2. A pharmacy that filled the script quickly.
  3. Insurance that pays for most of the meds
  4. My comfortable bed
  5. General good health, so my body is responding well to the meds
  6. Being alone in my house.  It’s unusual since Terry retired.
  7. Being able to read my Bible without interruption
  8. Being able to go back to bed when/if I feel like it
  9. Getting this taken care of before I have to start prepping for Thanksgiving
  10. Knowing that God made me; that He knows what’s wrong, and that there is a way to fix it.
  11. A husband who is frustrated that he can’t really do a thing to help. Not thankful he’s frustrated, but that he wishes there was something he could do. Terry’s a fixer.  Bugs him to death when he can’t fix something :)
  12. I got all my groceries yesterday, so tomorrow I think I’ll feel good enough to start on some things ahead of time.
  13. I’m an independent contractor, so I can take off whenever I choose to do so.  I always take off on Thanksgiving week.  Very nice.

I love Thanksgiving.  I think it’s a shame that so many stores are planning to be open all day, taking people away from family and friends on this very special holiday. I will not be doing any shopping on Thursday.  Nor Friday.  Black Friday and the Black Plague are about the same in my opinion. Most of my gifts are already purchased, and the online sales carry Black Friday prices for two or three weeks prior to and following Thanksgiving.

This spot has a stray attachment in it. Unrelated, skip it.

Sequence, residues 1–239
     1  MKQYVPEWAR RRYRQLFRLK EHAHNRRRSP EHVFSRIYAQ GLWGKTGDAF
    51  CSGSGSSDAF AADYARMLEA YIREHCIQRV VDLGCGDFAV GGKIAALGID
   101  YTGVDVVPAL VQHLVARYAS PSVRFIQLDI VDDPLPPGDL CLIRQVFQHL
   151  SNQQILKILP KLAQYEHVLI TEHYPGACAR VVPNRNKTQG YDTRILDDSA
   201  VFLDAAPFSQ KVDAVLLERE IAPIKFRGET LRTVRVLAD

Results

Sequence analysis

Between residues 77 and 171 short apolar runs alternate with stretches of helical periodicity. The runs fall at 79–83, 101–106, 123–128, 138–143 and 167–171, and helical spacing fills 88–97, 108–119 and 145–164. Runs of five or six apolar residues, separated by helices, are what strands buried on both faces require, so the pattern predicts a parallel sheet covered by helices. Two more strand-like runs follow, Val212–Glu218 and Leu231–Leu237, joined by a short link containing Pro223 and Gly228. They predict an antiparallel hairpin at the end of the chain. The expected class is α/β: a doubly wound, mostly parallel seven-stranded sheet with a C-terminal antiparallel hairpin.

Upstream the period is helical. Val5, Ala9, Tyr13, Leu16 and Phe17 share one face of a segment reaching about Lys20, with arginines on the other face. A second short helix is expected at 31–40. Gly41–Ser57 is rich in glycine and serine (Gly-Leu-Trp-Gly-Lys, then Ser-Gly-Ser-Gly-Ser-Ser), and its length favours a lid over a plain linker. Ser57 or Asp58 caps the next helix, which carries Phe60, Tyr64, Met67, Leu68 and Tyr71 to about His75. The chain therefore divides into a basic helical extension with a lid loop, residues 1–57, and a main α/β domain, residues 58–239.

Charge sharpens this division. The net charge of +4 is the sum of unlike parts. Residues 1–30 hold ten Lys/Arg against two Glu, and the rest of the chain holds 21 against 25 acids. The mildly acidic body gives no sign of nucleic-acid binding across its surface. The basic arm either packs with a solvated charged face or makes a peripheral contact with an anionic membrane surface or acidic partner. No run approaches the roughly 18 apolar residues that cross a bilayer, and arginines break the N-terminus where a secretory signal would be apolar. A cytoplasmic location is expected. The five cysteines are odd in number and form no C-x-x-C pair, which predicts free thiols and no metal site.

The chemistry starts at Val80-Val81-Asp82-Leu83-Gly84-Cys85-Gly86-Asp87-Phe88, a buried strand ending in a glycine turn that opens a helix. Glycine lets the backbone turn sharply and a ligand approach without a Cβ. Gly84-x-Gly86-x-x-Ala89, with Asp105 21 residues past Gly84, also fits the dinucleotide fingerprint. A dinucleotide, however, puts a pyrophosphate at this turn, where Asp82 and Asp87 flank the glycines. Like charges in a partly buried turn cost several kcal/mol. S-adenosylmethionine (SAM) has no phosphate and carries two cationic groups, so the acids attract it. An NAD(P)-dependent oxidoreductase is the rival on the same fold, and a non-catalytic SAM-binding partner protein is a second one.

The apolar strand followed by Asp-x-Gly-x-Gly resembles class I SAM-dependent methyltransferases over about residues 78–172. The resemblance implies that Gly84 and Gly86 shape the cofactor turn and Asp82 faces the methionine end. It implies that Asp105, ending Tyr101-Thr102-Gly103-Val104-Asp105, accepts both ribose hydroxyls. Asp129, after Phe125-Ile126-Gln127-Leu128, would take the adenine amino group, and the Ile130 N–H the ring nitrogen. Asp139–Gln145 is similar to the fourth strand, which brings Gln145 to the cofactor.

I’m thankful to be able to look forward to a calm, restful day.  No one who will be here is an avid football fan, so that won’t be a focus.  We’ll probably play some games, maybe do some Christmas decorating, enjoy the food, and think about why we have this holiday.

It will be a good day.



Friday Counseling Issues: Listen!

Sometimes I think we’re all hard of hearing. Either that, or we’re all just so wrapped up in our own ideas, wants, and opinions that  we just don’t care to hear what anyone else has to say.

We are a nation of interrupters.  We can’t let anyone else finish a sentence, yet we become mightily offended if someone else interrupts us. Don’t believe me?  Watch The View for ten minutes.  It will drive you crazy. Better yet, watch a political debate.  Best of all, try listening to your spouse without butting in. Even if you are SURE you know what he’s going to say, let him say it. Give him the courtesy of letting him finish his thought.

In conversation, some people are slow cookers and some are microwaves. The slowcookers may not immediately jump in with exactly the right words to say, and then the microwave takes off like a rocket, assuming that the slowcooker didn’t understand, or doesn’t care, or maybe is just stupid.